Sunday, July 3, 2011

Spider Sunday: Marbled Cellar Spider

Cellar spiders are named for their habit of building their webs in cool, dark places such as basements, old mine shafts, wells and the like. Indeed, many members of the family Pholcidae do frequent such situations. However, this is not true of the Marbled Cellar Spider, Holocnemus pluchei.

The Marbled Cellar spider is actually native to the Mediterranean region of Europe. The earliest known record in North America comes from Sutter County, California in 1974. Because this species closely resembles the common Long-bodied Cellar Spider, Pholcus phalangioides, it is possible that it became established prior to 1974. The current U.S. distribution of the Marbled Cellar Spider ranges east to at least central Texas, and north to southern Oregon.

I find this species to be far more common outdoors than I do indoors here in southern Arizona. The webs of Holocnemus are irregular but decidedly dome-like, at least when one individual spider is off by itself. This is rarely the case, though, and many specimens will together form nearly contiguous webs that stretch far and wide. Dr. Elizabeth Jakob of the University of Massachusetts (Amherst) has found that up to fifteen individual spiders may share a communal web at any one time, with “membership” changing periodically. The spiders do compete over prey items, but skirmishes are rarely protracted.

Nearly any building overhang or dense tangle of vegetation will do for a web location. The primary criterion seems to be that the spiders do need shade from the unrelenting sun. At the Tucson Botanical Gardens I find a favorite place for this species to build its webs is among the leathery, spine-studded leaves of agave plants. Not many enemies of these spiders want to pursue them among the botanical equivalent of barbed wire.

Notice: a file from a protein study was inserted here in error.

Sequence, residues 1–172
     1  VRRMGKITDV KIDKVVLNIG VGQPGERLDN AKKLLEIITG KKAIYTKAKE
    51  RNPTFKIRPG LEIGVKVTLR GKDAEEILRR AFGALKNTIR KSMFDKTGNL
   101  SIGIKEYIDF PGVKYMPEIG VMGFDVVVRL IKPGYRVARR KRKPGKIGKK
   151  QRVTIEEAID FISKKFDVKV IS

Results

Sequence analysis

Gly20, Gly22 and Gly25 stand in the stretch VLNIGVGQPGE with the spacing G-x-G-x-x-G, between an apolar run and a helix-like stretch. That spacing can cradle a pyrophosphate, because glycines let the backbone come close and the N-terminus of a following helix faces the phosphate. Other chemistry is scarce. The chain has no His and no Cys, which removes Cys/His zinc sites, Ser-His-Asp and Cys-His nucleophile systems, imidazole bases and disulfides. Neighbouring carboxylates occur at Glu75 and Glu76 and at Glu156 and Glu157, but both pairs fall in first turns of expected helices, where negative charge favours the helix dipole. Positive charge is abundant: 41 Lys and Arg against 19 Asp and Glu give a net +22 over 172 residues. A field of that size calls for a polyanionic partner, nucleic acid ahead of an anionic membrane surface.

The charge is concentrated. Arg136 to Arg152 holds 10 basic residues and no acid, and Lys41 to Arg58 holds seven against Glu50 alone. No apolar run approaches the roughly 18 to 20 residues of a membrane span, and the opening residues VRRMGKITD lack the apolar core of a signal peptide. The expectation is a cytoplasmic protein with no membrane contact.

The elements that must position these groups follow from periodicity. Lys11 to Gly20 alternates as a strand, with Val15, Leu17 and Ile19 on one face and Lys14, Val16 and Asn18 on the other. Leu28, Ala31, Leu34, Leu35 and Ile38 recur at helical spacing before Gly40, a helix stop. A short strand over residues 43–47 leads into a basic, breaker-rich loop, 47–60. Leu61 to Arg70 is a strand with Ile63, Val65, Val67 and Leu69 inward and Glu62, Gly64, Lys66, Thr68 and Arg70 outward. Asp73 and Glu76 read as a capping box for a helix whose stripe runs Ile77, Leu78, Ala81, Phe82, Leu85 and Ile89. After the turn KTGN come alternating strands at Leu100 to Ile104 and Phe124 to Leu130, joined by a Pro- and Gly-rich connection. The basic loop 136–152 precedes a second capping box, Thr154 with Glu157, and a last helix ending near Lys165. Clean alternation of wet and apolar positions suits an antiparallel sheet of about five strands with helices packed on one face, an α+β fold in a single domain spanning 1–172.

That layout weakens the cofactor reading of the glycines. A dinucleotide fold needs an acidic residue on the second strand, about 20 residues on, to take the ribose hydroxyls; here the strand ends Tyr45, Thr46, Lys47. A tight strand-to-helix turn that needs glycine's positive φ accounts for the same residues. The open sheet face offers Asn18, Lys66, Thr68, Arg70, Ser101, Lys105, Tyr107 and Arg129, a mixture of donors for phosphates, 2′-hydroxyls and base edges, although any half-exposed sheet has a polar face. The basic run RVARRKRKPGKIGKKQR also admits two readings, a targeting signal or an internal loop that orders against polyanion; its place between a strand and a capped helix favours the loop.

The body length of mature female Holocnemus pluchei spiders is only 6-8 millimeters (males 5-7 mm, see image above), but their long, sprawling legs make them appear much larger. While this species is not regarded as dangerously venomous to people or pets in terms of the virulence of its venom, it has recently been discovered to have allergenic properties. According to this article, the species produces arginine kinase, a newly-described asthma-inducing allergen.

You want even more information and images? Some fantastic close-ups of this species can be found at the EuroSpiders and Spider Pharm websites. Austin Bug has a great article discussing common pholcid spiders of the Austin, Texas area, including the Marbled Cellar Spider. There is a PDF file available of the article ”Contests Over Prey by Group-Living Pholcids (Holocnemus pluchei)” in the Journal of Arachnology. Another PDF article discusses ”Food Level and Life History Characteristics in a Pholcid Spider (Holocnemus pluchei)” in the journal Psyche.


  1. I just found two of them in my bathroom in South Eastern Ohio. I have close up photos if interested.
    Caleb Glass

  2. I just found one in my bathroom here in Orange Beach, AL. He was mistaken for a brown recluse and met the bottom of a shoe.

    1. You are forgiven, of course, but thank you for sharing an example of what *not* to do. I intend for my spider field guide (Princeton U. Press, date of publication to be determined) to help prevent accidents like that.

  3. Interesting article. Thanks for sharing information. Been seeing these spiders for years around town but never knew its name.


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